DAY 22, JUNE 8
(MATT) The next day. Thursday. We rose, took yet another shower (we can never tell when the next one will be), and headed for Rome. Sam had called Melissa and she thought that she might be able to meet us at the Piazza Navona around 1 p.m. But she wasn't sure. So we had all morning to wander about. We went to the Minerva and saw Catherine of Sienna, but couldn't get into her rooms because they weren't open yet. Then we stopped for a little sandwich and a cappachino. We sat and sipped our cappachino's for about an hour, talking about old songs and our favorite songs. It was really nice.
Then we hit the Pantheon, which had been rebuilt by the Romans in the first century and turned into a Catholic Church around 500. It was neat and, of course, under renovation. Next off to the Jesu, or what we thought was the Jesu. It actually turned out to be St. Ignatius of Loyola. But we forgive Sam because they were both Dominicans, I mean Jesuits. He redeemed himself minutes later by taking us to the real Jesu which housed the forearm and hand of St. Francis Xavier which had baptized millions of Indians. It was very Baroch and also under construction.
Then we headed back to the Piazza Navone where we hoped to meet Melissa. Sam waited by the fountain while Jon, Chris, and I walked around, shopped, and bought lunch. Then we went back, found Sam, and at 1:30 p.m. we decided that Melissa must not have been able to make it so we ate our food followed shortly after by the food we had bought for Melissa. Then something strange happened. Three vendors came up selling bracelets and hair weave pieces and Jon and Chris went for it, Actually, they were really fast (the vendors, that is). The fella had the thing tied to Chris' head and was starting the braid while Chris was still saying, "I don't think I want this." And he was well on his way while Chris said again, "No, no take it out." Chris stood and took it like a man after that. The guy said 20,000 Lira. Chris held out 10,000 and said, "Take it; that's all you're going to get. If its not enough, cut it out." Good job, Chris. Jon was the bracelet glutton; he ended up buying four for 15,000 lira. That guy won't have to work again for a week.
We bought one last gelato in Rome on the way to our car. We bought the grande (huge) again for 3,500 lira. Then we went looking for our car. That turned out to be more difficult than one might expect., Note to the readers: when in Rome, make sure you remember where you park. Trust us; its worse that your neighborhood supermarket. I think that's why it got the nickname "Eternal City"; that is how long it can take you to find your car. Actually, it wasn't that bad but when we found it, we soon noticed it had a "foot" on it. Apparently, we had parked illegally. I later was arguing with the cop and when he said that there were signs and I disagreed, he pointed down the street. I said nope and we walked together to see and after I demonstrated that there were no signs, he pointed to what looked exactly like a cross walk. I couldn't believe it. But, oh well, the tale gets darker yet. The ticket we found on our car said 59,500 lira, which we thought was a bit steep ($40) and then the cop seemed to have his own fare, which he gave us official looking paper receipt of for 54,000 lira (another $34). Wow, we spit the last dregs of Rome from our mouths, now full of bitterness, shook the dust from our feet and headed for Assisi.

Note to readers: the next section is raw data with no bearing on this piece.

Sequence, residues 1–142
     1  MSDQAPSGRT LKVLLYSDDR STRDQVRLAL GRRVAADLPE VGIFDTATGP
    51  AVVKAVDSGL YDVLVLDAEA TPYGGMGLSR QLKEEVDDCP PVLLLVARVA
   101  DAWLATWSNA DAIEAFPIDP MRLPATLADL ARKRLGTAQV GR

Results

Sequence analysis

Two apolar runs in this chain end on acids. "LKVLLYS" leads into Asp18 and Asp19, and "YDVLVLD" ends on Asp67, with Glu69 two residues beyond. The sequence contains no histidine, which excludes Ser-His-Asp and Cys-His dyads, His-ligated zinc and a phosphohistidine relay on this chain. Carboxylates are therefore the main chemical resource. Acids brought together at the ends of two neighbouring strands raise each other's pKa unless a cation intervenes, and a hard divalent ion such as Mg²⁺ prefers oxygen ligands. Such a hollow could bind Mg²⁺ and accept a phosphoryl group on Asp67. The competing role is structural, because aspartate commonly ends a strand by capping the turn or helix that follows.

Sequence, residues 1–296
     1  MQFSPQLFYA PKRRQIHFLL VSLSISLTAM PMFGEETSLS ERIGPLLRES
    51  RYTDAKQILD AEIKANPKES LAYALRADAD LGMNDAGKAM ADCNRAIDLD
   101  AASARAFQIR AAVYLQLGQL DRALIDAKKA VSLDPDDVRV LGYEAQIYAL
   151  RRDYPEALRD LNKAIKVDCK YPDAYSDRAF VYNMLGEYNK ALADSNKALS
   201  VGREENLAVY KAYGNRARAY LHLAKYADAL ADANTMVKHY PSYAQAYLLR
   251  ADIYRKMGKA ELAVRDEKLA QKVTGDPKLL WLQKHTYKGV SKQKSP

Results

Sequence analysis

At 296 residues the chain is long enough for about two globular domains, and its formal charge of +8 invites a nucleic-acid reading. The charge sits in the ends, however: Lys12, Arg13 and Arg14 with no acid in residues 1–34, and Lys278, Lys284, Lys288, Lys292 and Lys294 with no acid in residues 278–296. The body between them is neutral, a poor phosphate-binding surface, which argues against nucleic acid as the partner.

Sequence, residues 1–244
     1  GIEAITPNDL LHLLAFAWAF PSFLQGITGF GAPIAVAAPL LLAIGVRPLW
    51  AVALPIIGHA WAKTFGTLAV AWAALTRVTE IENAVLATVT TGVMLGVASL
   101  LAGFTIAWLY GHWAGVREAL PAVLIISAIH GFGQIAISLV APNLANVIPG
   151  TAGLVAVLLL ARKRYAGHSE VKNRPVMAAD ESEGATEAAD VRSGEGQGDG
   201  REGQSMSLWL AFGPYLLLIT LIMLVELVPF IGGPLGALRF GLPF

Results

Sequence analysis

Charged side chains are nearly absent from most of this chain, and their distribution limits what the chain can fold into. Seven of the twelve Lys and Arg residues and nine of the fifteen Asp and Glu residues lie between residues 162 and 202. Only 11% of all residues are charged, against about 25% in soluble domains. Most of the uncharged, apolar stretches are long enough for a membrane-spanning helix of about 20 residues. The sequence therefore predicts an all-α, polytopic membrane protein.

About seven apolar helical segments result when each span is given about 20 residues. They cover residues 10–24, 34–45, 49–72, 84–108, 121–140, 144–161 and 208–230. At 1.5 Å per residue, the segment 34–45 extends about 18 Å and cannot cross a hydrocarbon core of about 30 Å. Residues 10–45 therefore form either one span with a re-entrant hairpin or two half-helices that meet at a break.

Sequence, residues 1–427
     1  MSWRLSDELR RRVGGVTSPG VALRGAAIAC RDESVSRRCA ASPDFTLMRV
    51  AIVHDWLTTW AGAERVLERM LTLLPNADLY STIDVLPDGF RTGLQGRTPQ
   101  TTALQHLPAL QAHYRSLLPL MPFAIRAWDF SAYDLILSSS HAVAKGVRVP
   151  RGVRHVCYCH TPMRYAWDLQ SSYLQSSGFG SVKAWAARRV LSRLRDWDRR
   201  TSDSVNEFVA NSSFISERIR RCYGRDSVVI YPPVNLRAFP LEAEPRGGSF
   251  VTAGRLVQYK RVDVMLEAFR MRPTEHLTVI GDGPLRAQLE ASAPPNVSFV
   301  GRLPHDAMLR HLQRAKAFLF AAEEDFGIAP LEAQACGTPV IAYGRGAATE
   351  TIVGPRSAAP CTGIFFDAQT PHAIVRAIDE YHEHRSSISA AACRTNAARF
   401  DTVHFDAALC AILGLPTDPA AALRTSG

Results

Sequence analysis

Nothing much happened on the way to Assisi. But we got there without too much mishap. Cruised though town (against Sam's wishes), tried to find a supermarket (closed) and a laundry (didn't exist). We eventually ended up buying more bread and cheese at the camp store. It was food but not too good. Then we had a nice camp just outside of Assisi on the hill overlooking a, you guessed it, valley. It was a pretty campsite. We wrote letters and postcards 'til our fingers bled while Jon played the harmonica. I tried to call Liz but she was working again. I showed Sam a great way to kill lightning bugs (hitting them and watching them fly). Chris caught a bunch of them in a bottle for a night light. We bedded down, took turns playing the harmonica, and fell asleep.